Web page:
The NBA Landscape: Basketball Paradise or Just Another Wasteland? (Part 1)

Where does your team play?

I have heard some opinions of the NBA’s upcoming season, and the most overwhelming opinion is that the league finally has some parity. There will finally be a season in which multiple teams have a chance to compete for a championship, instead of just the same one every season (Warriors).

But is that the case? I decided to dig a little deeper into each NBA franchise, to discover just how many actual basketball paradises exist in today’s NBA, in comparison to the death rattles heard from still way too many basketball wastelands.

What exactly is a basketball paradise? It’s a city in which professional basketball will be most enjoyed. A city in which the audience is benefiting from exclusive VIP treatment and pampering from the league.

A wasteland is exactly how it sounds. The NBA and it’s audience have forgotten all about you and your basketball team. All that remains in this bitter desert of pain and despair is your skeleton covered in dust and wearing your favorite player’s jersey.

I’ll also be determining which teams are mediocre. You don’t want to be this either.

Atlanta Hawks – Wasteland

Added rookies De’Andre Hunter and Cam Reddish from the 2019 Draft to pair with talented sophomore Trae Young and the newly signed big man Jabari Parker. They also made trades to acquire the expiring contracts of Chandler Parsons and Evan Turner – a combined $43.7 million dollars! If everyone stays put, and they can add a young free agent to play with their core players, the Hawks have the potential to be something special one day (although don’t ask any of them to play defense, particularly Parker); However, just who exactly fits the mold of free agent that Atlanta could spend this money on? And, if you can find anybody, would they even want to play there? If nobody wants to play there, can they even keep the guys that they do have?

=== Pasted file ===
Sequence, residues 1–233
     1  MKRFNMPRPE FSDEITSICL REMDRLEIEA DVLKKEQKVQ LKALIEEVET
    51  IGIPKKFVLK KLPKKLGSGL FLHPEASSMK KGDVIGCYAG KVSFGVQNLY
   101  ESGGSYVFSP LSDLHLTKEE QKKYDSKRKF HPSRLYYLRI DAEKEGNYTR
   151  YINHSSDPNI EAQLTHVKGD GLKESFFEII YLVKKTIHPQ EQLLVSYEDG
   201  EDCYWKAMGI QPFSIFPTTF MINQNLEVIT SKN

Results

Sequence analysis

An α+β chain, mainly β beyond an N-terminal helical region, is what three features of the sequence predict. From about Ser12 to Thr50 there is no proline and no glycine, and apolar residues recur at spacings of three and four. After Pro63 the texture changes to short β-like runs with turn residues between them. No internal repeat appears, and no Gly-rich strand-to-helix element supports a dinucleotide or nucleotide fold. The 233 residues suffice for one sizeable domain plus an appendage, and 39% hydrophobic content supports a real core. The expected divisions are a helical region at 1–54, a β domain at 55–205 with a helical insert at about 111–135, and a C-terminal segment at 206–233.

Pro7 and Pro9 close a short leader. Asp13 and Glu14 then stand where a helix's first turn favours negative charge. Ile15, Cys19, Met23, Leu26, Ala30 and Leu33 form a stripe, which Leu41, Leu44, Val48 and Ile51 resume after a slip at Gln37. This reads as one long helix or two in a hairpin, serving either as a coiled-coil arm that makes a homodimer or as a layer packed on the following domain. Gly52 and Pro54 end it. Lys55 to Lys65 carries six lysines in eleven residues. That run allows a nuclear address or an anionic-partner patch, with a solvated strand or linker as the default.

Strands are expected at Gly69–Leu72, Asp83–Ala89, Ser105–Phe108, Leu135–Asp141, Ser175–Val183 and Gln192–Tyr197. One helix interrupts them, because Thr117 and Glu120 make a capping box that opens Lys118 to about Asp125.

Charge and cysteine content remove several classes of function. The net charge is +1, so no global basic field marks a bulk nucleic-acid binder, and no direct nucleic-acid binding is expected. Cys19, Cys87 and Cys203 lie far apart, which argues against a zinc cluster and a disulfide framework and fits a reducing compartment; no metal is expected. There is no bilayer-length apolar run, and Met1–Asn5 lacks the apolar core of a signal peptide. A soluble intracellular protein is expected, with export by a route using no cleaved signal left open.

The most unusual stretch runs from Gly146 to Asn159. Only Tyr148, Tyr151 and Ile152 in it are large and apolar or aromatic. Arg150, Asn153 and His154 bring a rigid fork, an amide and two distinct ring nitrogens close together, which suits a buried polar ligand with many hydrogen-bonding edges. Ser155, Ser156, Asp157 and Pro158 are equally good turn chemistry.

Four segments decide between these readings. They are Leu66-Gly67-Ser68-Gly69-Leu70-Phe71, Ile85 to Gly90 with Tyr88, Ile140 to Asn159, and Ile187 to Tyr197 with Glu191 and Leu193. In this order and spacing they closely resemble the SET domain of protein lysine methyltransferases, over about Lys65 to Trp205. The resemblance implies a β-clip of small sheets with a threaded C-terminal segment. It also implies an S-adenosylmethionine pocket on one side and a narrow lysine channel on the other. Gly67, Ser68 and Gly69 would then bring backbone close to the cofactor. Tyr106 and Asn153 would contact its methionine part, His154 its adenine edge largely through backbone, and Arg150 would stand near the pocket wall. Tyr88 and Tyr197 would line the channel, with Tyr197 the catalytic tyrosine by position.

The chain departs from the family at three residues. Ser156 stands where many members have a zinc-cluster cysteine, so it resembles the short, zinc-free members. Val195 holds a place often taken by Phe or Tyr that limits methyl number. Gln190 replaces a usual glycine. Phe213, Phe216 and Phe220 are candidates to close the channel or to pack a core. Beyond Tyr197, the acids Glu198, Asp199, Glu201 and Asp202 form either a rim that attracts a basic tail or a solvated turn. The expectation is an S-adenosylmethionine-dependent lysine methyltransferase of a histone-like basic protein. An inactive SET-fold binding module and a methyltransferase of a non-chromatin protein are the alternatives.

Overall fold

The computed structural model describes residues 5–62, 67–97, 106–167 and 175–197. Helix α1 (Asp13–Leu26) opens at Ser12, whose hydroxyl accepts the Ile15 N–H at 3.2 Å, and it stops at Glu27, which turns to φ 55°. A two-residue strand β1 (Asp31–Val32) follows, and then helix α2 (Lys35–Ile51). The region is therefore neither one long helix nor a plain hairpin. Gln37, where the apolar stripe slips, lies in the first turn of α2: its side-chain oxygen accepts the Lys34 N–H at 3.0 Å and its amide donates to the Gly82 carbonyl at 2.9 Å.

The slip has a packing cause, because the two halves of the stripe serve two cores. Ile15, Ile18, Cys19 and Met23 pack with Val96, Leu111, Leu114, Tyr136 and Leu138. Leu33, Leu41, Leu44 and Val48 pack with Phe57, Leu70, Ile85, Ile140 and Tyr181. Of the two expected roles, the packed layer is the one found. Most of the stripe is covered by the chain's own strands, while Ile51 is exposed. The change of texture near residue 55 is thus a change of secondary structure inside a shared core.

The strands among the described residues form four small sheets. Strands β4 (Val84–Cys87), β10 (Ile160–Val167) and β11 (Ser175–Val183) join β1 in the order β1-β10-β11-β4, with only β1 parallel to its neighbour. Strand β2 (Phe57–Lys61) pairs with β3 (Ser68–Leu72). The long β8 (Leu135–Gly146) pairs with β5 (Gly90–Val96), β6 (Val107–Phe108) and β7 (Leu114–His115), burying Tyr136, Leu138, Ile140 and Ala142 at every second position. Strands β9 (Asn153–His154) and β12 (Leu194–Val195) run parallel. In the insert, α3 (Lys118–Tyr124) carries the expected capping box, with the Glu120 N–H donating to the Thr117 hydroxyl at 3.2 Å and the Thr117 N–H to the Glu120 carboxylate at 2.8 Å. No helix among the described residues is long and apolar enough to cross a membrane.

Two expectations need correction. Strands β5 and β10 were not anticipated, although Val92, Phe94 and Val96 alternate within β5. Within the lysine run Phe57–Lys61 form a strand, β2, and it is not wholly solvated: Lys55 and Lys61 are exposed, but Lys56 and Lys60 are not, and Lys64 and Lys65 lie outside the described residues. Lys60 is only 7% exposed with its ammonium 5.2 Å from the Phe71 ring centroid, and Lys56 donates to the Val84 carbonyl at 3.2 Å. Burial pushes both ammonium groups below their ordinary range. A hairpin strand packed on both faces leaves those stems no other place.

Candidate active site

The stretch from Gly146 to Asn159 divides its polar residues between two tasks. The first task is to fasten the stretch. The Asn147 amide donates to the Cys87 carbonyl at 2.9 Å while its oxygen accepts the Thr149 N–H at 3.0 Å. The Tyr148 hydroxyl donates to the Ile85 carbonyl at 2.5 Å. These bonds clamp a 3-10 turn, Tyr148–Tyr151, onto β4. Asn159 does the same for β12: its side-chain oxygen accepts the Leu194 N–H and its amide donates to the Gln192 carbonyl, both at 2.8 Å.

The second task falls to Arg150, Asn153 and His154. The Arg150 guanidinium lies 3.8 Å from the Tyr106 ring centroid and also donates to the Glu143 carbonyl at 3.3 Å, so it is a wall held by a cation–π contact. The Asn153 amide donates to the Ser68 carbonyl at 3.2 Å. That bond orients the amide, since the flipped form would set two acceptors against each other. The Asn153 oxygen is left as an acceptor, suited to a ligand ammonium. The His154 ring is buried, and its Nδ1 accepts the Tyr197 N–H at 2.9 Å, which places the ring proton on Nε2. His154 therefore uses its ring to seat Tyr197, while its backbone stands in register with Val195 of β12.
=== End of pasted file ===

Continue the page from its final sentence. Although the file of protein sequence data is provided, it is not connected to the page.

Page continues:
Boston Celtics – Mediocre

They replaced Kyrie Irving with Kemba Walker, which is an upgrade. Walker served his time in Charlotte with nary a complaint, giving him the appearance of a character guy – which should be a breath of fresh air for the Boston faithful; However, losing Al Horford is going to hurt, and the team is pretty strapped for cash with the contract they handed Gordon Hayward two summers ago. As constructed, they are a perennial second round exit, or a conference finalist, depending on how bad the rest of the conference gets.

Brooklyn Nets – Paradise

This is not the Kevin Garnett/Paul Pierce trade, but this also isn’t the sign of Nets basketball dominance. The Nets signing two marquee free agents is simply a sign of how far the Knicks have fallen. This is what they have been dreaming about ever since LeBron James was a free agent – the first time, when they were ultimately forced to throw all of their money at Amar’e Stoudemire.

Why Brooklyn? For the same reason nobody wanted to sign with the Lakers all of those painful (for me) summers: Their owner and their front office. James Dolan has to go.

Charlotte Hornets – Wasteland